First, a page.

Tacos Morelos Now Open 24 Hours in East Village
It seems like decent tacos and sopes are becoming easier and easier to find in Manhattan—no more need to head out to Sunset Park to get your fill of tender braised meats and spicy salsas. Now that Tacos Morelos, the popular Williamsburg 24-hour taco stand has cloned itself across the river in Alphabet City, you can now get hot tacos at any hour of the day for a few bucks.
The menu at Tacos Morelos is not long— Tacos ($2.50) on soft corn tortillas, big Burritos ($7.50) with rice and beans, freshly grilled Sopes ($3), crunchy Tostadas ($3), Cemitas ($6) and Tortas ($5, sandwiches that differ in their buns and the use of chipotle in the cemita), griddled Quesadillas ($3), and fried Tlacoyos ($2.50) or Huaraches ($4)—but the filling options are numerous, and most menu items can be ordered with whatever filling you'd like (even if it's not listed as an option). We tried all of the braised, steamed, and griddled meats to figure out which ones are worth eating.
Barbacoa is their specialty. Seasoned goat meat steamed until it falls apart into tender, moist shreds, it's relatively mild as far as goat goes, but you might find yourself with a couple of gamey bites here and there. This is the one to get.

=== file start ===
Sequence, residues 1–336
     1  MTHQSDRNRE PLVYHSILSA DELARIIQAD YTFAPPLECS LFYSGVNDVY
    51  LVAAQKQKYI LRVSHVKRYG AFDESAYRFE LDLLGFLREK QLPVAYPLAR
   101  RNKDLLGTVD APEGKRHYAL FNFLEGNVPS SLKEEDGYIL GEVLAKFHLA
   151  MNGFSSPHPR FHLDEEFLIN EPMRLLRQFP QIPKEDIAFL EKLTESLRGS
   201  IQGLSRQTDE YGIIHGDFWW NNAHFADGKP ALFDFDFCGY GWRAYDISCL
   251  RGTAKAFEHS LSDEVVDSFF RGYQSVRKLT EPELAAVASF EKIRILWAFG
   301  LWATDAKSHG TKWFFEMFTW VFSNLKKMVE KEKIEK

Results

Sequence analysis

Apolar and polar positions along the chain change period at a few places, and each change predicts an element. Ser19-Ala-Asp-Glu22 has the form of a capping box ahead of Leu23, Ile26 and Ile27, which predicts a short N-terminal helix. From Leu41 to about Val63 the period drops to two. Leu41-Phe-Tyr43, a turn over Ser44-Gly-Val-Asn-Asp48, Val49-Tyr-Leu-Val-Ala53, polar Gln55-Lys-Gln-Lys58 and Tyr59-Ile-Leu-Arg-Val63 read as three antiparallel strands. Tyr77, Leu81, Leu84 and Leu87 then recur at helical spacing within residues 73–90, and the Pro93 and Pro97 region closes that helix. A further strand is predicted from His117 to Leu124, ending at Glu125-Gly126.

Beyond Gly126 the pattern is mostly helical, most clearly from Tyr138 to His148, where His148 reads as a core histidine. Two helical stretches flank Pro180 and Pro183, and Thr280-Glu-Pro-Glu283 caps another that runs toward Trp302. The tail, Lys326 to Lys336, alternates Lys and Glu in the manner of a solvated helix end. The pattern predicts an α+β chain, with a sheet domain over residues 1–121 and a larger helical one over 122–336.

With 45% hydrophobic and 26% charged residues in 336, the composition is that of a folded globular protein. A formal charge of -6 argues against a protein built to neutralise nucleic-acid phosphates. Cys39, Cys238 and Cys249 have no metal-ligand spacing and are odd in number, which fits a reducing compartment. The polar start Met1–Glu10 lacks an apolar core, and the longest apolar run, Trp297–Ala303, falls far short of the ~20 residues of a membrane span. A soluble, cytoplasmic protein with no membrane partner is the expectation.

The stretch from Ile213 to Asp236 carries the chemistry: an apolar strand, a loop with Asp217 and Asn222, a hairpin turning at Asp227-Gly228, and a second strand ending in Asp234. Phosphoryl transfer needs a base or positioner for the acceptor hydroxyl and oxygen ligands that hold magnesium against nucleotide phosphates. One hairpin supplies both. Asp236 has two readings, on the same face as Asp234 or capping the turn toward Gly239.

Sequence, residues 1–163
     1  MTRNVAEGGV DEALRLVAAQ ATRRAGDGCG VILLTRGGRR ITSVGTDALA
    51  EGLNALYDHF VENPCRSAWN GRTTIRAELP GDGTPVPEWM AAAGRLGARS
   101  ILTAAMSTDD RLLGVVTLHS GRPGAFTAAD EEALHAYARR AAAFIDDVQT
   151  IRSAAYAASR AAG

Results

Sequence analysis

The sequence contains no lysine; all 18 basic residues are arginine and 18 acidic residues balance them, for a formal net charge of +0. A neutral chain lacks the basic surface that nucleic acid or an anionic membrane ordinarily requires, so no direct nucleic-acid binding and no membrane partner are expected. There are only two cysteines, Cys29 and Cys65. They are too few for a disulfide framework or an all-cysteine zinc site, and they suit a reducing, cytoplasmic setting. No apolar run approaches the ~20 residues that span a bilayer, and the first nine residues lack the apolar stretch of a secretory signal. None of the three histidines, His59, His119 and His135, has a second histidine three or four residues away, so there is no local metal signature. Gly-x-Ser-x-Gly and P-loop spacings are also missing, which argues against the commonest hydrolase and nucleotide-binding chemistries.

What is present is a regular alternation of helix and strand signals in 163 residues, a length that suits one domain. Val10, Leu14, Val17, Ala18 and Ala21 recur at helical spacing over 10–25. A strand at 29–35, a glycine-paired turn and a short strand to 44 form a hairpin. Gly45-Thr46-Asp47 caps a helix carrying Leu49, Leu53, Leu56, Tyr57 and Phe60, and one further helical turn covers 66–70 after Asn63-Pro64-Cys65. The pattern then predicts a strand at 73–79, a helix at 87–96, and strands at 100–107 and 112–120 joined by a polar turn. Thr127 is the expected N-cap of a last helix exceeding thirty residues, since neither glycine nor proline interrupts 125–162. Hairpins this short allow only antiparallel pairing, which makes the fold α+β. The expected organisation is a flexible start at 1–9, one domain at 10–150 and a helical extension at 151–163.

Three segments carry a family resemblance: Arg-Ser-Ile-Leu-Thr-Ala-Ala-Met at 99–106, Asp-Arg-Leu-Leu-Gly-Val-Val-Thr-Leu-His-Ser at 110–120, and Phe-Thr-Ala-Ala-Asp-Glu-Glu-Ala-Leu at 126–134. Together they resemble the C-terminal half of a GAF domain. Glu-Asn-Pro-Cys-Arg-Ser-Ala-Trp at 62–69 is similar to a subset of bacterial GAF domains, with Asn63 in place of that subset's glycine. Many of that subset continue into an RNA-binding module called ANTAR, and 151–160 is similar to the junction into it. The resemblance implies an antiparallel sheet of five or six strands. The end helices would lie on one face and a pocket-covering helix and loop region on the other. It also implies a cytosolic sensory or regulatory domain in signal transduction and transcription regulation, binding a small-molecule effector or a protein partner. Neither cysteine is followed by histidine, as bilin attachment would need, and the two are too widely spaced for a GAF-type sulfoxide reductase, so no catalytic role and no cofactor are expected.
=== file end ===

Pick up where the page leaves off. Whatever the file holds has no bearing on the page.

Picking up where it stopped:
Chorizo has an off-putting bright pinkish red color, but the flavor is there. A little spicy and salty, with nicely crisped bits of pork fat.
Suadero is thinly sliced beef brisket cooked on the griddle, and is their best beef offering. Flavorful, fatty, and tender.
Cecina is thinly shaved cured beef. It's extremely salty stuff, so you'd better have a drink handy. That said, it's tender and delicious, like a nice beef-flavored country ham.
Al Pastor is not the insanely juicy, well-seasoned pork you'd expect, but it's tasty nonetheless. Mildly spicy, with a few crisp bits here and there. It's vastly improved by the creamy, fatty refried beans when you order it as a sope or tostada.
Carnitas should be tender, flavorful, bursting with pork fat, and crisp around the edges. The carnitas here get the first two correct, and they do have good flavor, but inadequate reheating leads to carnitas that are moist but not dripping, and hot, but not crisp.
Tinga is a bit of a misnomer here. Unlike the stew of shredded meat and spices the name suggests, theirs seems more like chopped, sauteed chicken leg with a few onions and peppers thrown in. It's surprisingly tasty stuff, just not what's expected going in.
Lengua can be my absolute favorite taco filling. Rich, succulent, and juicy with a pronounced beef flavor is what it should be. Unfortunately, the lengua at Morelos is woefully underseasoned and undercooked, with a slight rubbery bite to it.
Pollo seems like a safe choice on the menu, and it turns out it's a little too safe. Chopped, sauteed leg meat, it's got all the bad qualities of their tinga, with none of the good.
Bistec is probably the easiest thing for beginners to order, but they'd be doing themselves a huge disservice. The bistec here is tough, leathery, and overcooked with a steamed rather than seared quality. Pass on this one.
As to whether the food here can compare favorably with its sister truck in Williamsburg is up for debate. It's a question worth answering—most likely at 4am after a long night out.